The courtroom in a bus that hopefully won’t give Chris Grayling any big new ideas

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A mobile courtroom in a bus has been launched in Pakistan in a bid to help clear the country’s huge backlog of cases.

Legal system reformers such as our justice secretary Chris Grayling — who today announced that he wants to stop barristers travelling significant distances for short hearings — will doubtless be looking on with interest…

The court, which deals with small civil cases, minor criminal cases and juvenile matters, is part of a £10 million project to strengthen Pakistan’s judicial system and state institutions.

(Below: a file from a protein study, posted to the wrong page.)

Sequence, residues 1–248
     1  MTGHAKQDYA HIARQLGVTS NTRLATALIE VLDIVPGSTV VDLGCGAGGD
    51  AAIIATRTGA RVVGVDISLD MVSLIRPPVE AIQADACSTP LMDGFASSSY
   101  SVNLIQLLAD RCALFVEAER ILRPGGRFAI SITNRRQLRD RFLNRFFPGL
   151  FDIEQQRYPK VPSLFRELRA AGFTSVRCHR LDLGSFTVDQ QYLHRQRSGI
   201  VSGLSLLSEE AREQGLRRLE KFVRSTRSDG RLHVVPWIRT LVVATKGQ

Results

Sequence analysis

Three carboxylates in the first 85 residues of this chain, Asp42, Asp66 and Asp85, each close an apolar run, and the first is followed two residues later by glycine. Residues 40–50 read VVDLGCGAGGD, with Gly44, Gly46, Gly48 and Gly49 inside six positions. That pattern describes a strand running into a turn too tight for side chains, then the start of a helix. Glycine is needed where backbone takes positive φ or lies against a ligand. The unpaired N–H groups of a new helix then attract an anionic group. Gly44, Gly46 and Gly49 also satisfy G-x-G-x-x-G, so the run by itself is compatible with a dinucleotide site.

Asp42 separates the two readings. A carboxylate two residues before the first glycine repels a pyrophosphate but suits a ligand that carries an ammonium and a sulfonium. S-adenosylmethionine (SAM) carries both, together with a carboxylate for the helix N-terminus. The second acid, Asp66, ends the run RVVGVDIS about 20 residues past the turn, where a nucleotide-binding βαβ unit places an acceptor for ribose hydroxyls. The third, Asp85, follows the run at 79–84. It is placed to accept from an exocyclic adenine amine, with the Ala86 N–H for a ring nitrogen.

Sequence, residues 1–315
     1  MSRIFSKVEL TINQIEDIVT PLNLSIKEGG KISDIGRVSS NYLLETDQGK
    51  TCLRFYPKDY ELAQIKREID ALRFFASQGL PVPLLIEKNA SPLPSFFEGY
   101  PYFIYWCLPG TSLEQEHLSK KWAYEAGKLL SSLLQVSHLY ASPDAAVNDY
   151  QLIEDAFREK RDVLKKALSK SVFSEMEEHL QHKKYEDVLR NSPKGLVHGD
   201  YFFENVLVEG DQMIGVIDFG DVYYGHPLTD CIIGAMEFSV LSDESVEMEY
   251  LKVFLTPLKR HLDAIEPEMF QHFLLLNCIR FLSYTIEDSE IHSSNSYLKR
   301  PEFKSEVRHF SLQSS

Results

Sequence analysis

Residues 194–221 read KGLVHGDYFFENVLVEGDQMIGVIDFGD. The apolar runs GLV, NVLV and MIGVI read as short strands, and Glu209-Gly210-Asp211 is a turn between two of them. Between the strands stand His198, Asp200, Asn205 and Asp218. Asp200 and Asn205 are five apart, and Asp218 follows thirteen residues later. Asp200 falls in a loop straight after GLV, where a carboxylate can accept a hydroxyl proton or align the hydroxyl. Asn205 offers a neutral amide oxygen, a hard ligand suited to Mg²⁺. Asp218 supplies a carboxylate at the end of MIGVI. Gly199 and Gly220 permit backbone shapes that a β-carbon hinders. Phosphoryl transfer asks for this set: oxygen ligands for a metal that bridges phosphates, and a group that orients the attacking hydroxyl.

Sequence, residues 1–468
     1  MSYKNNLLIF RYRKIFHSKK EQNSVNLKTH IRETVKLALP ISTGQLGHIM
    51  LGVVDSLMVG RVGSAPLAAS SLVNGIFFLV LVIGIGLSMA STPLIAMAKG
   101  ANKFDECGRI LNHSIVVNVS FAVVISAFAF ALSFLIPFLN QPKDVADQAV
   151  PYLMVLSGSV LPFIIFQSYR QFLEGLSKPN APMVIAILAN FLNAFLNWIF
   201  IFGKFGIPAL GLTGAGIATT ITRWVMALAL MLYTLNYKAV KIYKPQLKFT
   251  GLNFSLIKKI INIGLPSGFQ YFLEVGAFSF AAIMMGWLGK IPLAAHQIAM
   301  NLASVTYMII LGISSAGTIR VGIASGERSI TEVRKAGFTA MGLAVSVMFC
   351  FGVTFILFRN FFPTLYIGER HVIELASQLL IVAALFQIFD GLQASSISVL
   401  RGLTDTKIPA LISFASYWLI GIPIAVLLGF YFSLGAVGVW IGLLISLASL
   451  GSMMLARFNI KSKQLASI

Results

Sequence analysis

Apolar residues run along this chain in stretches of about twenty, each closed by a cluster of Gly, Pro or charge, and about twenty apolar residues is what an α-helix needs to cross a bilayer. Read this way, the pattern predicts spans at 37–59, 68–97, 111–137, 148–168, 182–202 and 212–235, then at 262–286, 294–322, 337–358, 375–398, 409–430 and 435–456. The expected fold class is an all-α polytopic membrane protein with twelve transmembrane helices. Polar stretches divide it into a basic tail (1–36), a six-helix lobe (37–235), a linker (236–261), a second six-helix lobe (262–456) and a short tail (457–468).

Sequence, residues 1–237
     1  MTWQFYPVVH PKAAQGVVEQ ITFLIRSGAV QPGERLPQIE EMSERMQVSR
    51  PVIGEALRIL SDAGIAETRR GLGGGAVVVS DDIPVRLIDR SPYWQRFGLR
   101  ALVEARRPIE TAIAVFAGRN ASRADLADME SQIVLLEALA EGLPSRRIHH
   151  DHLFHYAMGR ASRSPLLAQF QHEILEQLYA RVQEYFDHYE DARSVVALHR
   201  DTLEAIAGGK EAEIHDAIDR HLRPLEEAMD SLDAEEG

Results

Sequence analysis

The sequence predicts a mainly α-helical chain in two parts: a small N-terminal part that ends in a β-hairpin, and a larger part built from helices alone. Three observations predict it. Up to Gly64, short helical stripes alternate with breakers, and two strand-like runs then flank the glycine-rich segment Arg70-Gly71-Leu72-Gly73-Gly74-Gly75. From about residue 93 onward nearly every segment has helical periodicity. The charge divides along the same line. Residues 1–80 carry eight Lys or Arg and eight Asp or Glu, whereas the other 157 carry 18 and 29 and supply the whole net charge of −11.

Handling up to 30 cases a day, it will operate in the most remote areas of the country where there is strong support for the Taliban. It is staffed by a rotating team of eight specially trained judges and 18 lawyers, alongside a registrar and stenographer.

Somewhat scathingly, the court has been described by Agence France-Presse as “more reminiscent of a giant fast food van than an arm of the state”. Reuters, however, notes that the interior is “wood paneled”.

The plan is to introduce 11 more court-buses later this year with funding from the UN, as Pakistan grapples with its incredible 1.4 million pending cases.